The idea that we are entering an era of techno-feudalism that will be worse than capitalism is chilling and controversial. We asked former Greek finance minister Yanis Varoufakis to elucidate this idea, explain how we got here, and map out some alternatives.

  • @Ashyr@sh.itjust.works
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    994 months ago

    This is always the goal of capitalism, no need to give it some alternative name on order to white wash the brand.

    The answer is Democratic socialism. It’s our stuff they’re stealing, we can take it back.

    • @CookieOfFortune@lemmy.world
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      284 months ago

      Capitalism isn’t a form of government the way democratic socialism is? But to your point, even Adam Smith realized the problems with a legal and governmental system that is controlled by corporations to be a terrible idea. He was well aware that profit motives without limit leads to mistreatment of individuals.

      • @Ashyr@sh.itjust.works
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        184 months ago

        Yes, I’m not implying capitalism is a form of government. I’m saying the form of government best suited to containing the excesses of capitalism is Democratic socialism.

        • @CookieOfFortune@lemmy.world
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          94 months ago

          I’d like to think most democracies would enact some socialist policies if there was less money involved in politics… but I’m not sure what the best way to prevent that is.

          You can craft laws but the legal system is also profit driven. And you’d need some way to either prevent corruption or get the motivations to line up correctly. But I can’t think of any practical solutions that also align with freedoms.

          • My perspective is that the larger the organization is, the more likely it’ll get a carve-out in the law. The more complex the law, the more carve-outs special interests get.

            So making more laws isn’t the solution here, we should be striving to make simpler laws. For example, instead of a complex system of carbon emissions standards for vehicles based on type, just charge a carbon tax that approximates the cost of removing that carbon. The former gave us massive SUVs because they’re regulated as light trucks instead of passenger cars (so they have lighter regulations), the latter would encourage higher efficiency without a slew of regulations.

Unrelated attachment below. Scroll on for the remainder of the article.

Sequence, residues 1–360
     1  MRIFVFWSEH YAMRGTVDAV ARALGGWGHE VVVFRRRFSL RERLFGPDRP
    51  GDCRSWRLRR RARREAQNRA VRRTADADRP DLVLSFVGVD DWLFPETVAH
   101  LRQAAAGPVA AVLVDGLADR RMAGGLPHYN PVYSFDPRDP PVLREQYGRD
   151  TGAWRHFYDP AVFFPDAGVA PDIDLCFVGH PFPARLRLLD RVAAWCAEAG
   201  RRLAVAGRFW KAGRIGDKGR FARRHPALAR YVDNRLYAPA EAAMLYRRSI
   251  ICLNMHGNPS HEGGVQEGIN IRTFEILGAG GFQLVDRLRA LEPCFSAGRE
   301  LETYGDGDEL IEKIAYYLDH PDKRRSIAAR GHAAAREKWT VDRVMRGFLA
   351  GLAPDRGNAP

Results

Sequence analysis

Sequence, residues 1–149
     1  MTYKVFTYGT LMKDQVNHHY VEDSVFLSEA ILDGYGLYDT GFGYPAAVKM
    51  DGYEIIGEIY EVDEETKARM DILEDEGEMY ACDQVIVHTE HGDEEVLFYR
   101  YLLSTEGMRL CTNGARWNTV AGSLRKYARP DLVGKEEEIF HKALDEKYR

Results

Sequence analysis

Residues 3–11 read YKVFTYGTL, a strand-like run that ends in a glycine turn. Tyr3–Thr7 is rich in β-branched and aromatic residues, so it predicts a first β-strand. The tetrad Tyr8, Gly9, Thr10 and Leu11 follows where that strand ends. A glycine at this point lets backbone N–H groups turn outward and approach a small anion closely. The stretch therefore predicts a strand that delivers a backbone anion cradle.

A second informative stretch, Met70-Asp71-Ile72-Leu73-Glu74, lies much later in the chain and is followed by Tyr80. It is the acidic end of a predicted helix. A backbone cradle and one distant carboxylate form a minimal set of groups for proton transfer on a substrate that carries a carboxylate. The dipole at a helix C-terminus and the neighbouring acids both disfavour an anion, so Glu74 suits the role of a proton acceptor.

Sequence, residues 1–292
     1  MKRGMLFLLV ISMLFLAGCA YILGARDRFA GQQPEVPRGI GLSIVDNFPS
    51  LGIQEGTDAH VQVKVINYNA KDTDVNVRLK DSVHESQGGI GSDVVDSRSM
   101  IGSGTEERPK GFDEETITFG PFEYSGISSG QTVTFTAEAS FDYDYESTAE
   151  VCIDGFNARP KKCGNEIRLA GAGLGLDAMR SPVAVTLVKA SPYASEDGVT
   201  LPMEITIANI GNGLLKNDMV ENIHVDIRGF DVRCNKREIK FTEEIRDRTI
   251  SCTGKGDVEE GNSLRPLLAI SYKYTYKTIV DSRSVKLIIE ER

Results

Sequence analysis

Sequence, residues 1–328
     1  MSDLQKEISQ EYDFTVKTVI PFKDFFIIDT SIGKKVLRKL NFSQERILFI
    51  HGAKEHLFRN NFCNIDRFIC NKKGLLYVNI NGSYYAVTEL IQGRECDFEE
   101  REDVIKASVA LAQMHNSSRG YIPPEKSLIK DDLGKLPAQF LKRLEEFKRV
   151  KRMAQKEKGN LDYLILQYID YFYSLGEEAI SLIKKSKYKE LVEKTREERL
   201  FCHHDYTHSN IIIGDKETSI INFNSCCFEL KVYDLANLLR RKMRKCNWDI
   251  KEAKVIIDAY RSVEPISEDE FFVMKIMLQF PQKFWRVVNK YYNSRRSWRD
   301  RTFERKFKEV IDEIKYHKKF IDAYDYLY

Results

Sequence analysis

get the motivations to line up correctly

            That’s the preferred solution imo.

            But I can’t think of any practical solutions that also align with freedoms.

            A lot of leftists look at government as the hammer to solve problems. Sometimes that’s the right approach, but often it’s not.

            What seems to work consistently is to make bad things expensive/criminal. If people die due to negligence (e.g. irresponsible cost cutting), put anyone involved in jail. If the payoff is higher than the penalty for bad behavior, increase the penalty.

            • @CookieOfFortune@lemmy.world
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              14 months ago

              Yeah it would be nice if we could simplify instead of add a bunch of special cases.

              However it’s easier said than done. In your example for carbon tax, how do you determine the cost of removing carbon? Does creating a new solar/wind power plant count? Does increasing efficiency in an existing home count? What’s the difference between that and just paying for carbon capture? This is what the carbon offset economy was supposed to be about but it’s ultimately difficult to implement correctly and inherently full of complexities. I’m not saying we shouldn’t try, but it’s really hard to simplify some things.

              I think there’s evidence to show that even though punishments may be heavy, if the chance of getting caught is low people will still do it. So that means you’d need to increase surveillance and enforcement which comes with it’s own issues.

              • how do you determine the cost of removing carbon

                Estimate. Start with a low estimate for the social cost of carbon and see how the market reacts. At the same time, we can provide grants for carbon sequestration projects, but no subsidies for categories of solutions.

                Does creating a new solar/wind power plant count?

                No, solar/wind would also pay a carbon tax based on their manufacturing processes, though that would be a lot less than fossil fuel generation.

                I’m not a fan of subsidies since those encourage “creative accounting,” and instead prefer simple, quantitative penalties.

                This is what the carbon offset economy

                No, the carbon offset economy was supposed to be a way to allow creative accounting to limit responsibility.

                If an org wants to install renewables to offset some of their energy use, then they need to actually use the energy to offset their energy use, not just tally it up. I don’t care about generation numbers, I care about tons of CO2 and other emissions.

                if the chance of getting caught is low people will still do it

                Right, so increase the chance that cheaters will get caught. Set default emissions numbers to a high (but reasonable) number based on worst case estimates, and require orgs to prove they’re emitting less. Do it for all imports and domestic industries alike so it’s fair.

                Then randomly audit after approval. If companies get caught, fine and revert to the high estimate until they prove they’ve fixed their accounting (perhaps after some number of years of correct reports). This should be highly automatable, and I’m guessing most domestic orgs already have high quality numbers.